Biking is a perfect exercise for both kids and adults because it’s low-impact and improves strength, balance and endurance. Being located in beautiful California makes it a perfect place to ride… so much so that it’s one of the top 3 states for bike riders!
While biking brings a lot of positive things to riders, there’s still a risk of getting a serious injury. In 2015 alone, there were 467,000 bike-related injuries. Fortunately for us, there are ways to reduce the risk of getting hurt while riding bikes.
Wear a Helmet
The Centers for Disease Control and Prevention estimated that only 18% of cyclists wear helmets all or some of the time. That number should be 100% of cyclists wearing their helmets 100% of the time.
Even if you get into an accident and sustain a head injury, a study showed that helmets can reduce traumatic brain injury (TBI) by more than 50%. That means you can recover from your injury and continue leading a normal, active life without restrictions. Helmets not only protect your brain, they can help prevent accidents all together by making you noticeable to cars, pedestrians, and other cyclists. You can also use a front and tail light to stand out.
Pre-Ride Bike Checks
Before you take off on your next tour, you should check:
Make sure your tires are properly inflated. Not too little, not too much. You should inspect them to make sure they aren’t worn down, cracked or gouged. How are you supposed to ride with a flat tire?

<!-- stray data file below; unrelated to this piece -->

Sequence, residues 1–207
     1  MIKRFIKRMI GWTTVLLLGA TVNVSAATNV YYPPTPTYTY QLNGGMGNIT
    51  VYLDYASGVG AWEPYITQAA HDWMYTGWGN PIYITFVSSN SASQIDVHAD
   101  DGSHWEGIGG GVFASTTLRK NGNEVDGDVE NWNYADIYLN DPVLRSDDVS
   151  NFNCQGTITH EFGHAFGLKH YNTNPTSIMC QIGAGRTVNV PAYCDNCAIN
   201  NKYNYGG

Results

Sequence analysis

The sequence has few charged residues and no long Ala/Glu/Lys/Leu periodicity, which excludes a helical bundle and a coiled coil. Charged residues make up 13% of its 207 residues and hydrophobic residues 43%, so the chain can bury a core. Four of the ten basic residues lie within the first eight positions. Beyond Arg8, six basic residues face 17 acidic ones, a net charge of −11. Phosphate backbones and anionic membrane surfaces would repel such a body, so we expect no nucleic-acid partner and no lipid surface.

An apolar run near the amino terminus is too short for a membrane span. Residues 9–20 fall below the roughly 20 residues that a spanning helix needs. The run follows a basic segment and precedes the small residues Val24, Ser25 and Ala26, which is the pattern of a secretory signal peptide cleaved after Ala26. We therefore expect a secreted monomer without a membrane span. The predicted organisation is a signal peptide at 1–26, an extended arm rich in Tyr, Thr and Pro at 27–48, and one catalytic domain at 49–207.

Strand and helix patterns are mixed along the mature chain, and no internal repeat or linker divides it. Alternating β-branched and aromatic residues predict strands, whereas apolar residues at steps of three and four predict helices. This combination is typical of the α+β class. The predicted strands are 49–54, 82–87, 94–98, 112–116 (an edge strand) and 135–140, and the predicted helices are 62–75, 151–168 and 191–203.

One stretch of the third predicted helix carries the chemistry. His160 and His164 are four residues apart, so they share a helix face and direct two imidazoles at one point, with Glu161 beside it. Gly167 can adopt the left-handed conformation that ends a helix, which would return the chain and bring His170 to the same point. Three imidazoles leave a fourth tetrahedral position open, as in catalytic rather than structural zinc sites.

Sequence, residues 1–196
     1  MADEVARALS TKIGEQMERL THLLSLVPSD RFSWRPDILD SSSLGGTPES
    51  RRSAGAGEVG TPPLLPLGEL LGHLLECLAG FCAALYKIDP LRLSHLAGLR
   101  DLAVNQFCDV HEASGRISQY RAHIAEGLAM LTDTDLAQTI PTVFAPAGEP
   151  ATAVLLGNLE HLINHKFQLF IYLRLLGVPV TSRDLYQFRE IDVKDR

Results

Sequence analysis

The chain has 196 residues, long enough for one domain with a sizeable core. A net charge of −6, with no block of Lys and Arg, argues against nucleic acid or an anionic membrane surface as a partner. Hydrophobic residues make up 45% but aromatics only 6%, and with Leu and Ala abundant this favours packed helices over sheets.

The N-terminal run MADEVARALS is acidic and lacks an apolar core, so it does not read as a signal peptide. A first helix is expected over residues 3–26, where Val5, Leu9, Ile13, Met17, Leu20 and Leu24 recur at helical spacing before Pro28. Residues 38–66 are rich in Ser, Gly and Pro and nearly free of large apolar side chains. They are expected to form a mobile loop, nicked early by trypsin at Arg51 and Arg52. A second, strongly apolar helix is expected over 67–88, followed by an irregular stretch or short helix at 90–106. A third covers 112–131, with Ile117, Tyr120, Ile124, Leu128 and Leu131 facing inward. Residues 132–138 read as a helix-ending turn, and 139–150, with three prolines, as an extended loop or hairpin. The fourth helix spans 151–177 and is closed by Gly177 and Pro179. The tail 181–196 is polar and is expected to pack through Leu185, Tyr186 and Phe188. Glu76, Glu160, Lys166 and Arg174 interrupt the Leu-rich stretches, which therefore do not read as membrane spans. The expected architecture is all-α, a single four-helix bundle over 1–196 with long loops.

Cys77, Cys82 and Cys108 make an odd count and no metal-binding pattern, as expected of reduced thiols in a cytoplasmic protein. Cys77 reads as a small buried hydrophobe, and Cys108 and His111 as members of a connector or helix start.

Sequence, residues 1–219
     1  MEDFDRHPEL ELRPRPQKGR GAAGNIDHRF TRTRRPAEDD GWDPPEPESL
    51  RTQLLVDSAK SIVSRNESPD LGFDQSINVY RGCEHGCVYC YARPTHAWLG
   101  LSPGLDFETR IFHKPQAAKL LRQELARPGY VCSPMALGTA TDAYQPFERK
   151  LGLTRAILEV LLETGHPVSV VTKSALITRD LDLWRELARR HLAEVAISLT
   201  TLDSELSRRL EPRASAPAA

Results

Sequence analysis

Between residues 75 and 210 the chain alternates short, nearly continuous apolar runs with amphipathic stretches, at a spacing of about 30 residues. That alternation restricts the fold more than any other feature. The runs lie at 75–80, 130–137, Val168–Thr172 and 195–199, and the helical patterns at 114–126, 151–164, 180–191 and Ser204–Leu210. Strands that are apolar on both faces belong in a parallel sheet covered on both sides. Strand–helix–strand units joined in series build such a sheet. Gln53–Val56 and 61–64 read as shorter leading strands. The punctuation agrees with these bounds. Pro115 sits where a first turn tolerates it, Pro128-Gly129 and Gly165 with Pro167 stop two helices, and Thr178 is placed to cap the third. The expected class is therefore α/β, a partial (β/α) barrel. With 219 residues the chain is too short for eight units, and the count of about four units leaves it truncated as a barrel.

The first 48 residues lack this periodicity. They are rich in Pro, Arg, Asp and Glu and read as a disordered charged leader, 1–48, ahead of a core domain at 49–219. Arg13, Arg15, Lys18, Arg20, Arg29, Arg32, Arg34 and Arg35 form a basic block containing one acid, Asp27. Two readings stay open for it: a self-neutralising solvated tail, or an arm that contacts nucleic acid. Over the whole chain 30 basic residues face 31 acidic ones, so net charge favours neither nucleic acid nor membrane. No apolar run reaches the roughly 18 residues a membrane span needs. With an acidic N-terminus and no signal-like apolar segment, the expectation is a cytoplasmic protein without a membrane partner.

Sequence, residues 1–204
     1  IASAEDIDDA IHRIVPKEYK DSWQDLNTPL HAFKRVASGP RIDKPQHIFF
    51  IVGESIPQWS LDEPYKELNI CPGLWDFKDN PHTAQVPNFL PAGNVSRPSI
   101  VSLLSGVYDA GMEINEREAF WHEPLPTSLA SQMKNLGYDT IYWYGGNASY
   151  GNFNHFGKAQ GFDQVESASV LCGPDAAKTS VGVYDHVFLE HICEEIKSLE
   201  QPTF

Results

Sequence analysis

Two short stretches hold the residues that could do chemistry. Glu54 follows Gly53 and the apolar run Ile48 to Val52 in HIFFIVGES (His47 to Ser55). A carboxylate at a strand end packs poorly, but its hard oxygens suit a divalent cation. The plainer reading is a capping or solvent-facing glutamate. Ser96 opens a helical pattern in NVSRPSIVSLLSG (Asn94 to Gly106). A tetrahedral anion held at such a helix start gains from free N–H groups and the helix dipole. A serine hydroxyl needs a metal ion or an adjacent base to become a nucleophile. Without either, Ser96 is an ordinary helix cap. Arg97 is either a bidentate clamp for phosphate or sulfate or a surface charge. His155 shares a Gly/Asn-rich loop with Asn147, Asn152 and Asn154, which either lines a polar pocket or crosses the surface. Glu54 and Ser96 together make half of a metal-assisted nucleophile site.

Separate from your tires are your wheels. Examine your front and back wheels’ spokes to make sure none of them are bent or broken. You should also confirm that your quick release levers are locked in tightly. These levers hold the wheel to your bike. Without them, you could turn into Evel Knivel and go soaring of your handlebars.
Give those brakes a squeeze to make sure your front and back brakes are in working order. This goes without saying, but there’s no stopping without them!
Follow the Rules of the Road
It’s no secret that drivers aren’t always fond of cyclists on the road. Riding your bike on the road, even while you’re in a bike lane, comes with innate risks. It’s important that you follow the same rules as drivers while you’re in traffic. When everyone is aware and following the rules of the road, your chances of getting in car-related accident significantly drop.
Don’t run red lights, even if you think there isn’t any oncoming traffic. Use hand signals to let drivers know you’re turning (See image below).
As you start to hit the road, remember:
Wear a helmet.
Check your bike.
Follow the rules.